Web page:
Recently founded BrickCity Tech Meetup held its third gathering last Wednesday night, on the New Jersey Institute of Technology (NJIT) campus in Newark. About 25 of the 85 registered members attended. Founder Anthony Frasier said he had started the group to foster a tech community in Newark that, is now at best scattered and at worst nonexistent. “We need something like this in Newark,” he said. “There’s no tech scene here.”
A Newark native, Frasier had spent time at the NewME accelerator in San Francisco before returning east and beginning his own startup, Playd, which develops mobile applications for gaming enthusiasts. Frasier said he wants BrickCity to offer the same benefits he got from NewME.
At NewME, “I was exposed to a wealth of information, and I wanted to create that scene here and get young kids to build that kind of community in Newark,” Frasier explained. NJIT is a sponsor of BrickCity, offering the group a venue and encouraging students to join. He said that in addition to gathering tech workers and entrepreneurs around Newark, he’s hoping to create an environment that includes NJIT and its students.
Frasier has found two co-organizers in George Youmans, of Newark-based Radian Labs, and Mack Bonthera, a chemical engineer by background who is working on some early-stage startup projects. “There’s nothing happening in our location,” Bonthera said. “Let’s start something, make opportunities and build up our community.”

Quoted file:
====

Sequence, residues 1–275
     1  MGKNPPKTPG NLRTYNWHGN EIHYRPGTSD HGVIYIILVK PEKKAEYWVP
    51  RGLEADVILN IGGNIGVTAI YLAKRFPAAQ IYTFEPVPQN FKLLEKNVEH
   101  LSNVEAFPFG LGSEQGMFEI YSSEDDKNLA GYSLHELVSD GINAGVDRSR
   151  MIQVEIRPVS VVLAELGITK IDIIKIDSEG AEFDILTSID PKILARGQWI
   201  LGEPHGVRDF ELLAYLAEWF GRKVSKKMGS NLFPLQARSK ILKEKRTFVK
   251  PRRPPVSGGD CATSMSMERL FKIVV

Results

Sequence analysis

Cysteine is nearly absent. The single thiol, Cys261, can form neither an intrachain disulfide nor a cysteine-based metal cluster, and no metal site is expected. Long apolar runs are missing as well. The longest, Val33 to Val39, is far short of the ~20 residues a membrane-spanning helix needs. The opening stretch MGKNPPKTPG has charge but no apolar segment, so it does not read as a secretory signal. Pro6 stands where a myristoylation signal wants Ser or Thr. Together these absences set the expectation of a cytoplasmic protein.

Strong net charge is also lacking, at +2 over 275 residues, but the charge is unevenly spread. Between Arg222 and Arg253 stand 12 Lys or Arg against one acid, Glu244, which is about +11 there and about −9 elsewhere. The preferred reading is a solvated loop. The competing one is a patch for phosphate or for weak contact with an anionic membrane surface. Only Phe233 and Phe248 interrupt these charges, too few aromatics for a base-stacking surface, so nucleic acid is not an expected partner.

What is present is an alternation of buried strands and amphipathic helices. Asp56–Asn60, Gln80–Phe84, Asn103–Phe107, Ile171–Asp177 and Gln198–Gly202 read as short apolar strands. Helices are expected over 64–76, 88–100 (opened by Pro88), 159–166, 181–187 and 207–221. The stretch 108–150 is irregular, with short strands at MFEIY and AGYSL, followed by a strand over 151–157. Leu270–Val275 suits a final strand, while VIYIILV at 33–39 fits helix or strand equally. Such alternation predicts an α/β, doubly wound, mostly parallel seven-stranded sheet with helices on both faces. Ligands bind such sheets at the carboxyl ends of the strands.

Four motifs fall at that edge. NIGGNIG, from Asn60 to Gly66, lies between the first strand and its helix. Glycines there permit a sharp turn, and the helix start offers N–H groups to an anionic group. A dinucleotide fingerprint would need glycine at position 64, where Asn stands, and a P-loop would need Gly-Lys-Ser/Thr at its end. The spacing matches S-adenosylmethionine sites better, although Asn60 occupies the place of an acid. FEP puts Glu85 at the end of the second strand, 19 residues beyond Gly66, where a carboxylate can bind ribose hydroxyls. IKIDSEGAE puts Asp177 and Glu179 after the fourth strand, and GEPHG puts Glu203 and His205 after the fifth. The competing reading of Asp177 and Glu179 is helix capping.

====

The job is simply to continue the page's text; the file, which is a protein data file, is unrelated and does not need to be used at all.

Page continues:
“There’s potential to grow, especially with NJIT here,” Frasier noted. “But the students aren’t always exposed enough to entrepreneurship. You have to be around people whom you want to be like,” he said. “We’re running it like a startup,” Frasier said of BrickCity. “It’s been a slow rise, but we expected it. We’re happy with it so far, and hopefully it will grow.”
Frasier said he had attended the more established NJ Tech Meetup, based in Hoboken. He doesn’t see BrickCity as a rival but rather a companion that focuses on Newark. He said he hopes the two groups can eventually partner on various projects.
Michael Ehrlich, an NJIT professor who also runs its small-business incubator program, said he has encouraged BrickCity and believes it will be able to better link the greater Newark tech community. “We’re trying to create an entrepreneurial ecosystem,” Ehrlich said. “All the pieces are here, but making them click doesn’t happen by itself.” The Greater Newark Enterprises Corporation is another sponsor of BrickCity.
The meetup ran from 6 to 8 p.m. Early-arriving guests mingled as others eventually trickled into the conference room. Later Youmans officially opened the meetup and asked all the guests to introduce themselves. Most said they were New Jersey-based, though several had come from the New York metro area. Most were entrepreneurs or investors, and a few had spent time in Silicon Valley.
Steven Royster, a venture capital investor with international conglomerate Alcatel-Lucent, was the featured speaker. Though Royster spoke continuously for several minutes about finding funding, the intimate size of the gathering steered the meetup into a free-flowing forum, with several guests posing questions and exchanging comments. The organizers asked the guests to tell them what they’d like to see at future meetups.